It’s almost ready to go: the first decent website I’ve created for myself in years.
I’m the kind of person who will tell an author to let go of the editing process so they can finish the book, then take ten years writing my own novel because I can’t stop editing it to death. The type who wants to build an immersive web experience for myself, but jeez….who has the time? I’m a working designer; all my big chunks of time and creativity go into serving my clients.
Sometimes it goes that way, you know – like when you think you’re ready to make a commitment to your fitness and you join a gym, but then you realize you have social commitments, family commitments, projects, and paltry daily tasks like eating, cooking, running errands and sleeping, and you just….never…quite…get back to that gym after the first couple times. Life gets in the way.
Somewhere along the line, I realized I wasn’t using my time as efficiently as I could. It dawned on me I could continue to hit goals in my personal projects if I managed my work-time more effectively. It seems like a no-brainer, but for me, working in a home office and being in this space constantly, everything was bleeding together and I was spreading slowly outward like a puddle of molasses.
I couldn’t figure out where work and personal lives stopped intersecting. I had to create stronger boundaries to figure that out. Some of the clients I trained poorly with my own poor work habits are annoyed I don’t work on weekends anymore. Some of them don’t understand why I won’t come along on their “my lack of preparation means you need to do it on Sunday” ride. I used to be worried not joining those types of clients in a constant, insane game of catch-up would lose business. It did, surely. I ended up losing the type of clients who made my life so chaotic I couldn’t take on good clients. It’s amazing how much good comes of having mutually respectful and reciprocal relationships. You may think you handle crazy well, and you might, but why? To what end? And at what cost to yourself and your business?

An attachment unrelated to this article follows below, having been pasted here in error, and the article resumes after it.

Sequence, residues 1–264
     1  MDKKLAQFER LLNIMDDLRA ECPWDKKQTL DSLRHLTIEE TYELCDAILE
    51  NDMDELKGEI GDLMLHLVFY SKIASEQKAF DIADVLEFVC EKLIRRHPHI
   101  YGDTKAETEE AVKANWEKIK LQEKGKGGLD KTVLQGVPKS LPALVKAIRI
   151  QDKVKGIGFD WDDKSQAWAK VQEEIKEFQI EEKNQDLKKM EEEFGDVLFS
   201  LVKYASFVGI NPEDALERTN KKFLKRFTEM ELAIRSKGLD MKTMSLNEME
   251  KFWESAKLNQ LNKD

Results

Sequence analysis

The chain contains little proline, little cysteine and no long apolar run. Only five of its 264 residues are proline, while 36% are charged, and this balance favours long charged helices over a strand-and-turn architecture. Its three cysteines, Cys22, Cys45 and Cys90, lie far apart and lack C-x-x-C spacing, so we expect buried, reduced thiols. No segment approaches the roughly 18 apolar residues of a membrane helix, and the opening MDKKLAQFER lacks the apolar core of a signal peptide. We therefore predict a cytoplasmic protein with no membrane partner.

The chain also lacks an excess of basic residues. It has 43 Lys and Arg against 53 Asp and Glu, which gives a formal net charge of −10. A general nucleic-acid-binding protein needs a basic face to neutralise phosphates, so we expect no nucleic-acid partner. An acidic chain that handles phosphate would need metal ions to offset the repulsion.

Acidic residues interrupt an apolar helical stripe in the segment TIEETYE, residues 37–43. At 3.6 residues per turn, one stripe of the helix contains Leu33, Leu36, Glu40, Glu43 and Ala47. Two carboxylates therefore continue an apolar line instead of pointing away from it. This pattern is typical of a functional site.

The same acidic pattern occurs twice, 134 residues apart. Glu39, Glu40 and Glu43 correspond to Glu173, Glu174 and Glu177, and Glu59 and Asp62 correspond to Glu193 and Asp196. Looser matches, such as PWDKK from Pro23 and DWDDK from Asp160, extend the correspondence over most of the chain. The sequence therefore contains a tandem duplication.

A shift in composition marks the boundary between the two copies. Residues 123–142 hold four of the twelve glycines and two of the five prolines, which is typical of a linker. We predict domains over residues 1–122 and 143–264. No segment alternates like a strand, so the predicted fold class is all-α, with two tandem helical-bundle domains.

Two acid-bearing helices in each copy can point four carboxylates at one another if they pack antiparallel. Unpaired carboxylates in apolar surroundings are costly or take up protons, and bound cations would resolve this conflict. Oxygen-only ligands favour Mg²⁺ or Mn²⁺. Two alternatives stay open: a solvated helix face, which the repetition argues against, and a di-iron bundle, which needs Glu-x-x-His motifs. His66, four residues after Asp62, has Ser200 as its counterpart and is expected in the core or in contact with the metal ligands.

Betterer by the day
I’m using a few new sets of tools to help increase my productivity.
I’m a big fan of my new Passion Planner. It offers blank spaces where you can mind map your projects and write various thoughts and ideas throughout the weeks and months, has normal day-timer stuff in the month and week-view calendar pages, and asks sets of questions at the end of each month intended to help you assess how you’ve spent your time and where you can become more efficient. In terms of size and layout, it’s just kind of the perfect planner. I recommend getting a set of colored pens if you want to look at an awesomely colorful year-in-review. This planner is sometimes a guided journal, so it’s definitely something you’d want to hold onto if that’s your thing. Pretty decently priced at $33, and I’m really happy with the 5.5×8″ size.
My best girlfriend gave me The Five Minute Journal for Christmas, to do with her. I thought it was cheesy at first, kind of one of those “laws of attraction” things, but it’s not. Despite my skepticism, I noticed concrete results in two weeks. For me, it was less about the gratitude, and more about being more self-aware and thoughtful about my daily habits and activities. Not soon after starting, I was able to finish three or four big projects that hung over me like a dark cloud for the better part of last year, and begin (and nearly finish) two more projects!